One of our Snowball Corporate finance services is Due Diligence. We have worked on a number of financial due diligence exercises for clients. This has been either assessing targets for acquisition, or on the other side, to provide the due diligence information to a third party to vet and review everything before it goes off. 

Ultimate Aim of Financial Due Diligence

Ultimately what you are trying to achieve in a financial due diligence exercise is to verify the financial information provided and to assess the underlying performance of the business. 

This will involve looking back at past performance (minimum 3 years), current trading and the assumptions and robustness of the projections/potential going forward. It links not only to what you are buying but also what you are paying for and the value being placed on the business by the seller. 

It can cover a number of areas including:  

Profit & Loss 

  • Review of both annual and management numbers 
  • Key financial ratio trends 
  • Quality and accuracy of management information 
  • The quality of the earnings 
  • The volatility of the earnings 
  • Any exceptional items 
  • Review of expenses 
  • Licences and subscriptions 
  • Stock value and aged review 
  • Currency risks 

Balance Sheet 

  • Review of both annual and management numbers 
  • Key financial ratio trends 
  • What assets are owned 
  • Value of the assets 
  • Intellectual Property 
  • Depreciation methods 
  • Review of aged debtors and creditors 
  • Liabilities (actual and hidden) 
  • Is PAYE, VAT and Corporation Tax up-to-date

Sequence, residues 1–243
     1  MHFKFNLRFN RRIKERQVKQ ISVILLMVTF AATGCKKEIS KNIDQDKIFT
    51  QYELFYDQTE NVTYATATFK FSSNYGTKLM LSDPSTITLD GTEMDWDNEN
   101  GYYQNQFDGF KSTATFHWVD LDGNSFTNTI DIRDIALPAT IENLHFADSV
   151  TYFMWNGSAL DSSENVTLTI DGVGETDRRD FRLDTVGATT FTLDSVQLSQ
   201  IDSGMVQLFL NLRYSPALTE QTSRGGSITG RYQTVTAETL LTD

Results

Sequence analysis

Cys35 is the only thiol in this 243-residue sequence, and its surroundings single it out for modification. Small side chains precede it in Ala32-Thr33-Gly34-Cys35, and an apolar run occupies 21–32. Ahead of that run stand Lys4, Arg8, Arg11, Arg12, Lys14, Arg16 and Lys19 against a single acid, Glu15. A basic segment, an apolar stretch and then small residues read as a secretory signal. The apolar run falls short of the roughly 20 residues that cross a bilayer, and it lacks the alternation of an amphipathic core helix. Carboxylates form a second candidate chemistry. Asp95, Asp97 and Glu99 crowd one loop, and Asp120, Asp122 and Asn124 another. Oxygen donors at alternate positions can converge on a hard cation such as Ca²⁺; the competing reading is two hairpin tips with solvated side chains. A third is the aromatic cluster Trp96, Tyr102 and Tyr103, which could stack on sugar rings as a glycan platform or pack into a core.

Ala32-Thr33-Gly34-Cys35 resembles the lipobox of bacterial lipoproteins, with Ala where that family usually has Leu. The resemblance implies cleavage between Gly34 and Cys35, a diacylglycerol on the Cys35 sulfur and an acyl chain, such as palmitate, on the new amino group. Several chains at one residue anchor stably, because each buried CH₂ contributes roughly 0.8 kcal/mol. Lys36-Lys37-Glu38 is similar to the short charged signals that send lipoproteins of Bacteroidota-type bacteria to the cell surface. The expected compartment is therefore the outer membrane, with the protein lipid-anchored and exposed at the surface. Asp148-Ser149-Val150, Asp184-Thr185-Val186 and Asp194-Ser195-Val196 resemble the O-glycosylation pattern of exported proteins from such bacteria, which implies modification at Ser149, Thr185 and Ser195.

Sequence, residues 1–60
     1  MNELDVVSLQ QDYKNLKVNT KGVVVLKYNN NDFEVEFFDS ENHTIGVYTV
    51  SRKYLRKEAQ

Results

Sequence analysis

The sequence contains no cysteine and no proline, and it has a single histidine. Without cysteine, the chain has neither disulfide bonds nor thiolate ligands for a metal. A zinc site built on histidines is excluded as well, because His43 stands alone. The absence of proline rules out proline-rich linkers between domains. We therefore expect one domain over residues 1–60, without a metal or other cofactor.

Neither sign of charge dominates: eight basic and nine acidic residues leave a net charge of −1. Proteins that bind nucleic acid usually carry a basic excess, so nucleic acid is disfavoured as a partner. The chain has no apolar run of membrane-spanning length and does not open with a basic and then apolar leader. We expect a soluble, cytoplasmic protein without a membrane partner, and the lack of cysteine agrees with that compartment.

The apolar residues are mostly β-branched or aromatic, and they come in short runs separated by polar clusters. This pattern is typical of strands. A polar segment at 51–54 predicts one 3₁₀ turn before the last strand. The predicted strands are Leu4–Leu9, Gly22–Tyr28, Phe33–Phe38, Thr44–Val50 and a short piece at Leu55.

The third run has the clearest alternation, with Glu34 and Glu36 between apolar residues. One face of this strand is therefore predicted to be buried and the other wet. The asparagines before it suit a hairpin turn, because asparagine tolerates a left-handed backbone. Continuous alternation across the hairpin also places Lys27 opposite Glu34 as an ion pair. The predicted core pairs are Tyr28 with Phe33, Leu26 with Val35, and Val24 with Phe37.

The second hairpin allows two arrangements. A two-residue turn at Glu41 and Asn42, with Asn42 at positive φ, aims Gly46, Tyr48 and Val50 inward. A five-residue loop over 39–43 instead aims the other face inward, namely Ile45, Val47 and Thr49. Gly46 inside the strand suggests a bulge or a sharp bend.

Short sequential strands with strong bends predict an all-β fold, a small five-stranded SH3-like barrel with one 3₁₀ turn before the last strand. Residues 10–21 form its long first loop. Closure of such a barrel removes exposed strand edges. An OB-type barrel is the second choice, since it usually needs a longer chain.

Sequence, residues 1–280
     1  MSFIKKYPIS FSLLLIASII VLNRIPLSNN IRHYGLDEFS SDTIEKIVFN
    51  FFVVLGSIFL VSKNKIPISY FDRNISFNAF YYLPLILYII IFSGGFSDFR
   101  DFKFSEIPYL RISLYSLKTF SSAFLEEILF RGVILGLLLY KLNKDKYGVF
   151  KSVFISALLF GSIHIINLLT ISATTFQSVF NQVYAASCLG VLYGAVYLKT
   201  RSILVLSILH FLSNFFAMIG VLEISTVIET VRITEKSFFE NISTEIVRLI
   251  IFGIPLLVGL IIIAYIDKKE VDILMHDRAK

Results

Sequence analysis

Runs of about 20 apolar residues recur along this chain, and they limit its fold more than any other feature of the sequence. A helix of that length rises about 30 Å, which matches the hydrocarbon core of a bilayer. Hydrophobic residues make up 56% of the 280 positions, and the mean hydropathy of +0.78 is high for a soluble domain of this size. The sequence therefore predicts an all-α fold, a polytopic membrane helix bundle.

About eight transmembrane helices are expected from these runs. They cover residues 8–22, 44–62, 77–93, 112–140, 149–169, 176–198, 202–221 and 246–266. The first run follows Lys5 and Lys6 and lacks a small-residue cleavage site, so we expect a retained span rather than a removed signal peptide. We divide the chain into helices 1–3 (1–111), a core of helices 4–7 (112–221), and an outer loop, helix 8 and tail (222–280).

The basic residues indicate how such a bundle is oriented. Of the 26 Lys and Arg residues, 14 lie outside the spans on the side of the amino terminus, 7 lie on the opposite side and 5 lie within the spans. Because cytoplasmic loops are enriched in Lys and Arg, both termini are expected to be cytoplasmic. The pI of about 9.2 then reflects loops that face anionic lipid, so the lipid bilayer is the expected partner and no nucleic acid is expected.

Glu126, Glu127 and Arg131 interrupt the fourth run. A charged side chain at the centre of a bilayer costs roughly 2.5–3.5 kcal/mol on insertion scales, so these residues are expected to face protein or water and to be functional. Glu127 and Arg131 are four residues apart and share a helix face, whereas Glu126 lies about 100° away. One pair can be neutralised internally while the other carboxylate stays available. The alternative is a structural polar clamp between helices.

• Review of projections and assumptions 
  • What contracts are in place that can underpin projections 


  • Understanding of the working capital cycle 
  • How much cash is being generated 


  • What debt and leasing is in place 
  • Funding terms and agreements 


  • Any qualifications and/or issues in the accounts 
  • Review of the notes in the accounts 
  • Key financial risks 
  • Companies House filings being up to date and accurate 
  • Shareholders and directors 
  • Structure of business 
  • What financial systems are in place 
  • Any litigation ongoing 
  • Staff contracts and Employee handbooks etc. 
  • Tax due diligence 
  • Pension schemes 

This isn’t an exhaustive list and will vary depending on the business, but this is a good starting point checklist. 

What does Financial Due Diligence Reveal

I usually find very early on that I can have a good feel for how successful the due diligence is likely to be. From the initial request for information, it is always telling to see whether the information is then available, whether it is up-to-date, and whether it turns out to be accurate. If there are early delays or a push back on providing information, there is usually a reason, and not normally a good one! 

Naturally financial due diligence is only part of the overall due diligence that needs to be undertaken to decide whether to go forward with a deal. However, in my experience, the deal pretty much lives or dies by its financial due diligence. 

We can also help clients on the other side of a deal, where companies have to provide information to potential buyers, investors or private equity. 

Snowball can arrange, review and package the right information, ensuring the third party receives timely, up-to-date and accurate details, with the full knowledge how that information will then be reviewed at the other end by the third party. 

If we can help, please do get in contact with us.